“The whole thing felt icky,” he said.

With the warden refusing to go along, Mr. Loewen said he and the deputy director of the department went to the office of the department’s director, where, sitting at a conference table, was Mr. Lumley. Mr. Loewen did not back down from attributing the kill to the governor. His superiors relented and agreed to credit the governor with the kill. Then they issued a public warning to him for killing a wolf without the required trapping course.

From that point on, things went from bad to worse for Mr. Loewen. Rumors began circulating of an inappropriate relationship with another department employee, Mr. Hawkaluk said and Mr. Loewen confirmed. When those were batted down, Mr. Loewen was accused of fostering a hostile work environment and put on administrative leave in July 2022. He staunchly denied the charges.

By October 2022, according to a letter laying out the terms of Mr. Loewen’s departure and obtained by The New York Times, Mr. Loewen had been released after 22 years in the agency, with $150,000. The mediation fees would be paid by the state. In exchange, Mr. Loewen promised not to sue for further damages or disparage his former employers. The state promised not to disparage Mr. Loewen as well.

Mindful of that nondisparagement clause, Mr. Loewen confirmed the chain of events that led to the warning being issued to the governor but offered no further comment.

“Yes, all that happened,” he said of Mr. Hawkaluk’s timeline.

Mr. Southard, the governor’s spokesman, said confusion over who was responsible for trapping the wolf was understandable. Both Mr. Gianforte and Mr. Lumley had set traps, and tags attached to the trap that had ensnared the wolf identified both men as its owner, he said.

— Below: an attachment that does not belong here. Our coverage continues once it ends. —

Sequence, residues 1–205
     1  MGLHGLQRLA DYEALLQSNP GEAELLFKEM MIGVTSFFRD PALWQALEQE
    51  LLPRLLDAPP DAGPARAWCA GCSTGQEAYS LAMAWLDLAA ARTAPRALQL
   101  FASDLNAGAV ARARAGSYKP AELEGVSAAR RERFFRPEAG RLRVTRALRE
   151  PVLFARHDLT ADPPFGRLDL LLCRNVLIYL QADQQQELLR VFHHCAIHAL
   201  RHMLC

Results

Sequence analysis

“The governor has been trapping for nearly 50 years,” Mr. Southard said. “Prior to harvesting a wolf in 2021, he had been working to harvest a wolf for the last five years, mostly via hunting and more recently via trapping as well.”

The governor’s spokesman blamed the revival of the wolf issue on “former state employees” who “may hold a grudge.” Though the terms of Mr. Loewen’s release from state employment mandate that “neither will disparage the other,” Mr. Southard said those former employees nursed that grudge because they “may have been held accountable for either violating the law or failing to adhere to workplace policies.”

Mr. Loewen declined to comment on the governor’s response. Mr. Hawkaluk said he was not disgruntled when he left the agency in January to become a field consultant for the Montana Federation of Public Employees, nor was he ever accused of violating any law or workplace policy.

For the state’s wolf-protection advocates, the governor’s offense was not his lack of coursework but the potential cruelty of the kill.

Trapped wolves are in such distress that they often chew off their own trapped leg. Montana trapping regulations say that a trapper “must immediately dispatch any uncollared wolf” caught in traplines, and that those lines must be checked every 48 hours. The same regulations advise that trappers “may release an uninjured collared wolf.” Collared animals are allowed to be killed, but many hunters avoid doing so out of deference to the researchers studying them.

Since the Montana Legislature was in session in Helena, the capital, at the time of Mr. Gianforte’s kill, wolf experts doubt the governor could have set the trap and then made the 177-mile trip to shoot the wolf quickly enough to satisfy regulations designed to minimize suffering.

“The logistics of that are not realistic,” said Nathan Varley, whose Yellowstone Wolf Tracker has been leading wolf-watching tours for 18 years. He added, “Even though wolves are out of favor in the state of Montana, they are loved by enough people that it just was not good optics to shoot a wolf in a trap. How ugly is that?”

Mr. Southard pushed back.

“The far left has sowed the seeds of rampant rumors regarding the harvest,” he said.

As for that original warning issued to Mr. Gianforte, the man who designed the classes that the governor had not taken said the infraction was serious. An improperly licensed hunter should have received a hefty fine or lost his license, said Thomas Baumeister, now with the Montana chapter of Backcountry Hunters and Anglers.

“Enforcement has a fair amount of discretion; there are few areas where it’s black-and-white,” Mr. Baumeister said. But with a radio-collared wolf just outside Yellowstone, he was more definitive. “On this one,” he said, “it is black-and-white.”